Dr. Milt VanGundy retires from UnityPoint Health-Marshalltown

Physician ‘demonstrated highest respect for patients’

Tuesday was the end of an era at UnityPoint Health-Marshalltown.

Dr. Milt VanGundy is hanging up his stethoscope to enjoy life or perhaps read.

VanGundy has been a part of Marshalltown’s medical landscape for the last 45 years. In that time, he’s served in family practice, the emergency department and wound care.

Hundreds of former patients, colleagues and well-wishers lined up to greet or thank VanGundy during a two-hour reception at the UnityPoint Health Medical Park.

Many of them grasped both of VanGundy’s hands in appreciation, or gave him huge hugs.

Taking VanGundy’s position at the Wound Clinic is Dr. J. Michael McCune, who has been a general surgeon for 34 years, including 22 with the Marshalltown hospital.

After graduating from the University of Kansas medical school and serving his family medicine residency, VanGundy started family practice in 1974 by joining two partners – Dr. Jim Burke and Dr. Ed Jacobs. He was a family practice doctor back when they removed tonsils.

VanGundy once remarked medical school was challenging.

“While in medical school I did not read a book for recreation,” he said. “I was always studying.”

VanGundy was one of the last holdouts in town to stop doing obstetrics.

As he helped grow local primary care, he was an integral part of a consolidation of providers under McFarland Clinic when it came to town and served on its board for a short time.

VanGundy was named the Iowa Academy of Family Practice president for a year and taught residents the skill of intubating pediatric patients by using kittens from his country home.

“I recall bringing a bunch of drunk kittens home after that weekend,” said his son, Dr. Lance VanGundy, the current medical director at UnityPoint Health – Marshalltown.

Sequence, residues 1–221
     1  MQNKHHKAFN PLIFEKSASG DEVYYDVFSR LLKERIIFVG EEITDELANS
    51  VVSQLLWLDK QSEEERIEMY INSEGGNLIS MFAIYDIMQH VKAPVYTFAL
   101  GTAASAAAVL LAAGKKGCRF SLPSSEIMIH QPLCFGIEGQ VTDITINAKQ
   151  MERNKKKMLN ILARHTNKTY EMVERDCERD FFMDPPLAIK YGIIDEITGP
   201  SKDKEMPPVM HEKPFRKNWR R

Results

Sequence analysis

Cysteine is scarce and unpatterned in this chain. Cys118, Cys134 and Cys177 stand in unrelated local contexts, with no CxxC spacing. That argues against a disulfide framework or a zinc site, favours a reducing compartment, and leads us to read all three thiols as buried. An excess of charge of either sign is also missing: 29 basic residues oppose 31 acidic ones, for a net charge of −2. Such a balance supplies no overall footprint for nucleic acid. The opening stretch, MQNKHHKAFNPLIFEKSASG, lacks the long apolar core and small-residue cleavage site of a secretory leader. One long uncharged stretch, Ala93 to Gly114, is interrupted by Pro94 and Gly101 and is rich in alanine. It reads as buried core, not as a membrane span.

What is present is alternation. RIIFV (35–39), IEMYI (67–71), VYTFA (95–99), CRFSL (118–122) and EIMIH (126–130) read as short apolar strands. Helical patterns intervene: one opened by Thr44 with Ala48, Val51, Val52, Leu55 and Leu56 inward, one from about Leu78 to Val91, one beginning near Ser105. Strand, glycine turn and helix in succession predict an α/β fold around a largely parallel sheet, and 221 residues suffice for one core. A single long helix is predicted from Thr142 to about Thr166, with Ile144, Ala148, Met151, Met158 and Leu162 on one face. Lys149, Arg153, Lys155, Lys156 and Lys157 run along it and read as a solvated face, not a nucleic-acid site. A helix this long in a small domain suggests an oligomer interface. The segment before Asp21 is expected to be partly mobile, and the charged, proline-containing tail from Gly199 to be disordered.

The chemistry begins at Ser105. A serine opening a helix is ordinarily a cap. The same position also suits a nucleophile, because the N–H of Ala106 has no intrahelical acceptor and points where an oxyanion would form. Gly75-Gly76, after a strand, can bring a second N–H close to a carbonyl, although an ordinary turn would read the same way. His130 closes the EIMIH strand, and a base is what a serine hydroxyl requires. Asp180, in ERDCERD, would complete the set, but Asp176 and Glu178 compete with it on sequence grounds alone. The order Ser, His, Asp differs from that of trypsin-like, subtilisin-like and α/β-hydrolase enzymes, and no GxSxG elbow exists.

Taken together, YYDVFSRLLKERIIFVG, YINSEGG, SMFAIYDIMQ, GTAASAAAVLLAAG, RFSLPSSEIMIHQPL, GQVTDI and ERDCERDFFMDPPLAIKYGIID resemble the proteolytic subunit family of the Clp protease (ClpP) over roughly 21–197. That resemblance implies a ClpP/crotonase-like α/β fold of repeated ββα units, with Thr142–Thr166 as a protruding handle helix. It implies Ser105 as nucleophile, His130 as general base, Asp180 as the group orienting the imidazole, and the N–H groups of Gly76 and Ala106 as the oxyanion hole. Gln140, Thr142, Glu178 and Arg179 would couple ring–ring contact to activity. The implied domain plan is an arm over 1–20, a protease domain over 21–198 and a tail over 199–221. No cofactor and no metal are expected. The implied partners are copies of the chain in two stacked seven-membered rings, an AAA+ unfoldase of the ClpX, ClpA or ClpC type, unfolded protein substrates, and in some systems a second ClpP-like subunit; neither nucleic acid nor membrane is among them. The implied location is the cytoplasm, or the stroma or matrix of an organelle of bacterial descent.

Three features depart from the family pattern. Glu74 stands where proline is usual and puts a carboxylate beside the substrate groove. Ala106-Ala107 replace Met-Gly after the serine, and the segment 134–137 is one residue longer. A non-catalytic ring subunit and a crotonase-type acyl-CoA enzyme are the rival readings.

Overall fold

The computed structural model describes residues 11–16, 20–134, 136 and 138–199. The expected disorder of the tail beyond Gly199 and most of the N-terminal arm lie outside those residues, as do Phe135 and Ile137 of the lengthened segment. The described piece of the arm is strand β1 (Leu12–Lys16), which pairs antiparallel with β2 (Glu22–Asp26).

“But the technique was pioneering in that time.”

The father left family practice and joined his son in the emergency department at the turn of the century.

VanGundy proved to be one of the highest-quality doctors. He had some of the lowest return-in-72-hour rates and some of the highest patient satisfaction scores.

After more than a decade in the emergency department, the elder VanGundy doctor retired for a short period.

Not long after, he took on another challenge, starting the Wound Clinic under Healogics in the UnityPoint Health Medical Park. VanGundy helped the clinic win many annual awards for quality and patient satisfaction.

But VanGundy always credited staff for their many contributions to those awards.

“Milt’s a breed of doctor that we don’t see much these days,” said his son. “He has always had a passion for improving the medical community as a whole and worked for his part to improve it locally and at the state level.

“When I think about the kind of doctor I aspire to be, it’s Milt. He was always engaged in the patient, meeting them on their terms with the kind of emotional intelligence to understand their needs. He combined the empathy and compassion of a healer, tempered by the sternness of a mentor. He demonstrated the highest respect for his patients and coworkers at all times regardless of their station in life. Those are lessons you don’t learn in medical school, and he embodied them every day.”


Contact Mike Donahey at 641-753-6611 or mdonahey@timesrepublican.com


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